JDK-4259569 : StringBuffer.toString() can cause large memory usage
  • Type: Bug
  • Component: core-libs
  • Sub-Component: java.lang
  • Affected Version: 1.2.0
  • Priority: P4
  • Status: Closed
  • Resolution: Not an Issue
  • OS: generic
  • CPU: generic
  • Submitted: 1999-08-04
  • Updated: 1999-10-26
  • Resolved: 1999-10-26
Related Reports
Relates :  

Name: rlT66838			Date: 08/04/99

java -version
java version "1.2"
Classic VM (build JDK-1.2-V, native threads)

java -fullversion
java full version JDK-1.2-V

The problem observed is that the toString() method of
StringBuffer will return a String object which shares the
storage of of the StringBuffer. Subsequent modification of
the StringBuffer causes a copy of the storage. In situations
where the StringBuffer is reused in this fashion, once the
buffer grows to a large size (or is initialized to a specific
size using the StringBuffer(int) constructor) then each String
object created by toString will have a storage size the same
as the (large) StringBuffer size even though very little of
that storage is used by the String. Therefore the practice of
reusing StringBuffer objects (which is a good practice since
the alternative increases object creation/deletion as well
as GC times) is a detriment to memory usage anytime the
StringBuffer's storage grows large compared to some of the
String's that might be created from it.

I believe this shareing behavior of toString goes against the
implicit logistics associated with StringBuffer objects and
can cause very bad problems if StringBuffer's are reused.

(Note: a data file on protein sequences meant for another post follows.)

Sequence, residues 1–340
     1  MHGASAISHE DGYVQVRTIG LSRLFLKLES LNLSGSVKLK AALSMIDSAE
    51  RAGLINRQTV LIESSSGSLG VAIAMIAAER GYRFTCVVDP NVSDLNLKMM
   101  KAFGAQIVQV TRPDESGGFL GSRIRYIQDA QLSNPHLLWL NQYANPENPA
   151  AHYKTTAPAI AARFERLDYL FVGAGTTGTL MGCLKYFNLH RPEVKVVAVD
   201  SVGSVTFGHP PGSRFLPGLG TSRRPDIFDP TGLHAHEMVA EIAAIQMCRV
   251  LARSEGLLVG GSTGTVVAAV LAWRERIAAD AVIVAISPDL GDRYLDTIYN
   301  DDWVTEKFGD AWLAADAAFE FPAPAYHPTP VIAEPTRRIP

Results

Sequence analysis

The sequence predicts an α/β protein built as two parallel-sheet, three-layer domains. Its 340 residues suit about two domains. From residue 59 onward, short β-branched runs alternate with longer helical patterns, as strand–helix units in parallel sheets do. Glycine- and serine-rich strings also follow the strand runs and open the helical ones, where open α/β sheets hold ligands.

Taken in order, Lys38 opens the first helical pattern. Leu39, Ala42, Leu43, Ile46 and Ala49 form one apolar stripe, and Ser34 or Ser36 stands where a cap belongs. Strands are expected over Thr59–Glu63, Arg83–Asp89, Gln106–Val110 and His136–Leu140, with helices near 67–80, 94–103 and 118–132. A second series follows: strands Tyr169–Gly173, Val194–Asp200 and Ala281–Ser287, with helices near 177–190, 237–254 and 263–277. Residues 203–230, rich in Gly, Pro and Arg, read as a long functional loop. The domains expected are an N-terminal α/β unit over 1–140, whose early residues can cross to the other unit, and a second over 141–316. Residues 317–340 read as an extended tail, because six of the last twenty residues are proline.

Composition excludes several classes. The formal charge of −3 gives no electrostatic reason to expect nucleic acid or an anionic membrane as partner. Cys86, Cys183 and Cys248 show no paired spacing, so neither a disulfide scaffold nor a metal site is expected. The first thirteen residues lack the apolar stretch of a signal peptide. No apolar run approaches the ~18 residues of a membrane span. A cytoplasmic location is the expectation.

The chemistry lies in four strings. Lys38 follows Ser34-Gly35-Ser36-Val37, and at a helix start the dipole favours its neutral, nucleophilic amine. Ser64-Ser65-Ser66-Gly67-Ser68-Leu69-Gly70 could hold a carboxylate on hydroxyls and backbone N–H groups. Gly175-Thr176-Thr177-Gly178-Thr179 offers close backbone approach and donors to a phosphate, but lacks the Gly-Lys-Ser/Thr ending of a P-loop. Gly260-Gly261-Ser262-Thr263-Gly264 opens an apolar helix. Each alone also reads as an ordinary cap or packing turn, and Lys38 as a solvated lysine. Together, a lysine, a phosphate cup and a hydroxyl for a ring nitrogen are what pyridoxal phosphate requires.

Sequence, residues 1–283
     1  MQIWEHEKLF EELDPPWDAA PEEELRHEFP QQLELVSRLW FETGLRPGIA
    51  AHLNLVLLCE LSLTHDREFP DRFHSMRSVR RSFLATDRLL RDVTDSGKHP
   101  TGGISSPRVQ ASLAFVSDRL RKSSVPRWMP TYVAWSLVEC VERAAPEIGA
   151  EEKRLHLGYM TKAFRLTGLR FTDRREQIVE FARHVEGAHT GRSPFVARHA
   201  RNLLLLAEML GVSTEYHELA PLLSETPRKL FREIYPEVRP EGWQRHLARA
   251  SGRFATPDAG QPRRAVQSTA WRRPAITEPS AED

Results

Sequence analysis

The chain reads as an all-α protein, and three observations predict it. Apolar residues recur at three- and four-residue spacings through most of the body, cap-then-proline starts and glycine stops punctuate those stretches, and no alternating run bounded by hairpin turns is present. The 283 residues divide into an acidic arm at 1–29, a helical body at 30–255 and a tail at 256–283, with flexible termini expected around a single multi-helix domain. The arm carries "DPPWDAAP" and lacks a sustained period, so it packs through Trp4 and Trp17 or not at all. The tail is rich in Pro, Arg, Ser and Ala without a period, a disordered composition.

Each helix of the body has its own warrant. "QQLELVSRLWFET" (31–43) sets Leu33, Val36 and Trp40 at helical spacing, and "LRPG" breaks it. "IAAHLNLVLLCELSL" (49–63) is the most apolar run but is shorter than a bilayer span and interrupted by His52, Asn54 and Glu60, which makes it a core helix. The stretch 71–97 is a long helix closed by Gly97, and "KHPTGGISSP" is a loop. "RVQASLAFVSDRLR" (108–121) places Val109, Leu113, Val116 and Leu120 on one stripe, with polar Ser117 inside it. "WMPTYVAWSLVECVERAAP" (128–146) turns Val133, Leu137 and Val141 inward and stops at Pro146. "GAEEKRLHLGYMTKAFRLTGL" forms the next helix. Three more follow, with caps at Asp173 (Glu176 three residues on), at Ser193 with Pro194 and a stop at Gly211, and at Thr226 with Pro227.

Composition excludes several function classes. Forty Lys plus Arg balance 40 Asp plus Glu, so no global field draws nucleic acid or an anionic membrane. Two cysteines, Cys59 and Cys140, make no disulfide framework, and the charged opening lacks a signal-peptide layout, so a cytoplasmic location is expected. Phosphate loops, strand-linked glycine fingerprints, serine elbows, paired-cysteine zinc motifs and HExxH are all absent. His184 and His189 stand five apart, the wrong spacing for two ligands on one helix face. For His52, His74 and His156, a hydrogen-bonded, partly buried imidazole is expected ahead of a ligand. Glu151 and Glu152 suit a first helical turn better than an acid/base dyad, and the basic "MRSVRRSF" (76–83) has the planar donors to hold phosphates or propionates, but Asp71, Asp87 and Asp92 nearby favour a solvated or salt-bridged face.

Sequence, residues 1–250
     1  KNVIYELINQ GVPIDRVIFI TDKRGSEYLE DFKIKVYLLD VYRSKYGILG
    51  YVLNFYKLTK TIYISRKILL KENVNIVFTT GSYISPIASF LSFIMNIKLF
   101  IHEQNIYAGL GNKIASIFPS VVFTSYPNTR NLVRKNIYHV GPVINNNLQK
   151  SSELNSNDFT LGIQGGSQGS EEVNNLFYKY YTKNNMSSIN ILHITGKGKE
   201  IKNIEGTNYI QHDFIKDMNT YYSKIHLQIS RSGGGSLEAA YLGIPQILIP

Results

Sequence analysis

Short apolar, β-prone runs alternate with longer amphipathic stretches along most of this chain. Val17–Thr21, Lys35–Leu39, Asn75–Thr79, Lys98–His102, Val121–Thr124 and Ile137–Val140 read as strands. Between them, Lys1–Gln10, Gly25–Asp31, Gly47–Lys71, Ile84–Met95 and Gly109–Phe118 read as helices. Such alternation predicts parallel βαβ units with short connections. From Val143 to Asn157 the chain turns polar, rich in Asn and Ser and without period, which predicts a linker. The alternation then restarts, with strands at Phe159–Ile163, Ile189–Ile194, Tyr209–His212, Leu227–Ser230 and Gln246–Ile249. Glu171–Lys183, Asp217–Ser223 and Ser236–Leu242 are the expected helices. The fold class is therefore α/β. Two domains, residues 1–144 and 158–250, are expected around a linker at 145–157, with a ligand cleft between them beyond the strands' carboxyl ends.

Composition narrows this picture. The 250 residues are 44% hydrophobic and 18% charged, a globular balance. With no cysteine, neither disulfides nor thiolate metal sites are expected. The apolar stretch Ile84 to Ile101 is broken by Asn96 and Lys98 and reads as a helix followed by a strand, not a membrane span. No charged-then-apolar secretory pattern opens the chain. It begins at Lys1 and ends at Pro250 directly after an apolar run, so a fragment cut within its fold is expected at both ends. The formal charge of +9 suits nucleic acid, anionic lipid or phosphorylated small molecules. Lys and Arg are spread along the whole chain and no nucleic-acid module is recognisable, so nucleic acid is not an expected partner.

The current documentation contains a vague "implementation note"
mentioning the storage sharing without emphasizing the inherent
problem in this. MINIMALLY the documentation should stress what
bad behavior can result. Ideally I think toString should not have
this behavior as it is unexpected and counter-intuitive.
Achieving a storage sharing between String and StringBuffer
object would probably be better served in other ways:

1) a different method other than toString() can be called.
2) add a method 'boolean setShareStorageAllowed(boolean)' could
be added to control toString's behavior.

===Test Case=========
//Test program: bug.java

public class bug {
    // Allocate a large (1 Meg) static buffer that will be reused.
    static StringBuffer buffer = new StringBuffer(1024 * 1024);

    public static void main(String[] args) {
 final int limit = 100;
 int i;
 String[] s = new String[limit];

 for (i=0; i < limit; i++) {
     // Clear buffer then add to it
     buffer.append(" ");

     // Create a string from the buffer and save it.
     s[i] = buffer.toString();

     // Report progress
     System.out.println("Created String " + i);

Produces the following output:
Created String 0
Created String 1
Created String 2
Created String 3
Created String 4
Created String 5
Created String 6
Created String 7
Created String 8
Created String 9
Created String 10
Created String 11
Created String 12
Created String 13
Created String 14
Created String 15
Created String 16
Created String 17
Created String 18
Created String 19
Created String 20
Created String 21
Created String 22
Created String 23
Created String 24
 at java.lang.StringBuffer.setLength(Compiled Code)
 at bug.main(Compiled Code)
Exception in thread "main"

Due to the unexpected semantics of StringBuffer.toString we have created 24
String objects which each point to 1 Meg of storage even though only a
single character of each is actually used by the String.

Let me know if I can be of further help in describing the problem.
(Review ID: 88266) 

WORK AROUND Name: rlT66838 Date: 08/04/99 Replace calls such as: buffer.toString() with buffer.substring(0, buffer.length()) ======================================================================

EVALUATION Reuse of StringBuffers is not recommended, especially now that Hotspot is available. If you feel that you must reuse a StringBuffer, the setLength(0) call now sets the StringBuffer storage back to the default size. michael.mccloskey@eng 1999-10-25